Metal accumulation in mosses across national boundaries : uncovering and ranking causes of spatial variation( )

1 edition published in 2008 in English and held by 2 WorldCat member libraries worldwide

his study aimed at cross-border mapping metal loads in mosses in eight European countries in 1990, 1995, and 2000 and at investigating confounding factors. Geostatistics was used for mapping, indicating high local variances but clear spatial autocorrelations. Inference statistics identified differences of metal concentrations in mosses on both sides of the national borders. However, geostatistical analyses did not ascertain discontinuities ofmetal concentrations in mosses at national borders due to sample analysis indifferent laboratories applying a range of analytical techniques. Applying Classification and Regression Trees (CART) to the German moss data as an example, the local variation in metal concentrations in mosses were proved to depend mostly on different moss species, potential local emission sources, canopy drip and precipitation
First thorough identification of factors associated with Cd, Hg and Pb concentrations in mosses sampled in the European surveys 1990, 1995, 2000 and 2005( )

1 edition published in 2009 in English and held by 2 WorldCat member libraries worldwide

He aim of this study was, for the first time ever, to thoroughly identify the factors influencing Cd, Hg and Pb concentrations in mosses sampled within the framework of the European Heavy Metals in Mosses Surveys 1990-2005. These investigations can be seen as a follow up of a previous study where only the moss data recorded in the survey 2005 was included in the analysis (Schröder et al. 2010). The analyses of this investigation give a complete overview on the statistical association of Cd, Hg and Pb concentrations in mosses and sampling site-specific and regional characteristics, encompassing data from 4661 (1990), 7301 (1995), 6764 (2000) and 5600 (2005) sampling sites across Europe. From the many metals monitored in the European moss surveys, Cd, Hg and Pb were used as examples, since only for these three metals deposition measurements are being recorded in the framework of the European Monitoring and Evaluation Programme (EMEP). As exemplary case studies revealed that otherfactors besides atmospheric deposition of metals influence the element concentrations in mosses, the moss datasets of the above mentioned surveys were analysed by means of bivariate statistics and decision tree analysis in order to identify factors influencing metal bioaccumulation. In the analyses we used the metadata recorded during the sampling as well as additional geodata on, e.g., depositions, emissions and land use. Bivariate Spearman correlation analyses showed the highest correlations between Cd and Pb concentrations in mosses and EMEP modelled total deposition data (0.62ŽrsŽ0.73). For Hg the correlations with all the tested factors were considerably lower (e.g. total deposition r s Ž0.24). Decision tree analyses by means of Classification and Regression Trees (CART) identified thetotal deposition as the statistically most significant factor for the Cd and Pb concentrations in the mosses in all four monitoring campaigns. For Hg, the most significant factor in 1990 as identified by CART was the distance to the nearest Hg source recorded in the European Pollutant Emission Register, in1995 and 2000 it was the analytical method, and in 2005 it was the sampled moss species. The strong correlations between the Cd and Pb concentrations in the mosses and the total deposition can be used to calculate deposition maps with a regression kriging approach on the basis of surface maps on the elementconcentrations in the mosses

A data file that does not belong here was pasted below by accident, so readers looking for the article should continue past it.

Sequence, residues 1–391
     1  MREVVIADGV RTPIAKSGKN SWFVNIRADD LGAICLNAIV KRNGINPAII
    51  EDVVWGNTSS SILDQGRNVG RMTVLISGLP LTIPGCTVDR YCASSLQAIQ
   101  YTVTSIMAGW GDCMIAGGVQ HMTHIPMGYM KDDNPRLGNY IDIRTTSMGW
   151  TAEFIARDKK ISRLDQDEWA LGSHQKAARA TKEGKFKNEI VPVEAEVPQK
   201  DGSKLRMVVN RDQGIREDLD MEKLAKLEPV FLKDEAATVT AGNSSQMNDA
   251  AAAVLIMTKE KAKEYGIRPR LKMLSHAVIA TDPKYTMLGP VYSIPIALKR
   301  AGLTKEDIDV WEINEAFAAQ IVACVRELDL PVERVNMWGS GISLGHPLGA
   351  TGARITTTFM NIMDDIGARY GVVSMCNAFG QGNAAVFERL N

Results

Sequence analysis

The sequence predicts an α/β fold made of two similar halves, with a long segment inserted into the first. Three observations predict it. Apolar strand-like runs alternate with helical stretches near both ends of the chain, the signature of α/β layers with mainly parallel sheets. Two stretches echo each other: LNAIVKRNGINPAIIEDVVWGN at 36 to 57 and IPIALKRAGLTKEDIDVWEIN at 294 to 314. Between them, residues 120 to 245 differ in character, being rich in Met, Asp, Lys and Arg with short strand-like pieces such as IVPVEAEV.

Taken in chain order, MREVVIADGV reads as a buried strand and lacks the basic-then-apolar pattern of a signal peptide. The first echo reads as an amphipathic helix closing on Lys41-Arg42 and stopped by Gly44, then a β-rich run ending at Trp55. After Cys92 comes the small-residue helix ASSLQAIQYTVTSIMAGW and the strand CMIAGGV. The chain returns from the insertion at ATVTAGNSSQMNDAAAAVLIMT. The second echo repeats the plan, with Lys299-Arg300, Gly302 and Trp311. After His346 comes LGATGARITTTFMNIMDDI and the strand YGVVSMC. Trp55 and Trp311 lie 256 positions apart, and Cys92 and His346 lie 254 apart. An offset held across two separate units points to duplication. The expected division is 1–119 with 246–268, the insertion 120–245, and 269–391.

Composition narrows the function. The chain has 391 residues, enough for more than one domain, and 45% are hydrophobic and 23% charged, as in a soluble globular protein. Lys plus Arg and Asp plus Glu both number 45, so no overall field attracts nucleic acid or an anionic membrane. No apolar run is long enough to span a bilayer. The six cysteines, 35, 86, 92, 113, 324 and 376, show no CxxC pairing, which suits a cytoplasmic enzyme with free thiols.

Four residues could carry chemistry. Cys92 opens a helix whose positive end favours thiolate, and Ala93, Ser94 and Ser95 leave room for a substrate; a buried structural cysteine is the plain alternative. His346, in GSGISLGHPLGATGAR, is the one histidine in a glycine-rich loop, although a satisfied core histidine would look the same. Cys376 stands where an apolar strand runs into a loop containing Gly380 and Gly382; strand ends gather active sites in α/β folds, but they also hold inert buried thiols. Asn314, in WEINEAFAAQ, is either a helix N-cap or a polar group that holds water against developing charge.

Mosses as biomonitors of atmospheric nitrogen deposition - potential application at Natura 2000 sites( )

1 edition published in 2011 in English and held by 2 WorldCat member libraries worldwide

Metallakkumulation in Moosen : Standörtliche unf regionale rendbedigungen des biominotoring von Luftverunreinigungen( )

1 edition published in 2008 in German and held by 2 WorldCat member libraries worldwide

Relationship between site-specific nitrogen concentrations in mosses and measured wet bulk atmospheric nitrogen deposition across Europe( )

1 edition published in 2014 in English and held by 1 WorldCat member library worldwide

Relationship between site-specific nitrogen concentrations in mosses and bulk atmospheric nitrogen deposition( )

1 edition published in 2014 in English and held by 1 WorldCat member library worldwide

Mosses as biomonitors of atmospheric POPs pollution : a review( Book )

1 edition published in 2011 in English and held by 1 WorldCat member library worldwide

 
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Spatial and temporal trends in heavy metal accumulation in mosses in Europe (1990-2005)
Languages
English (17)

German (1)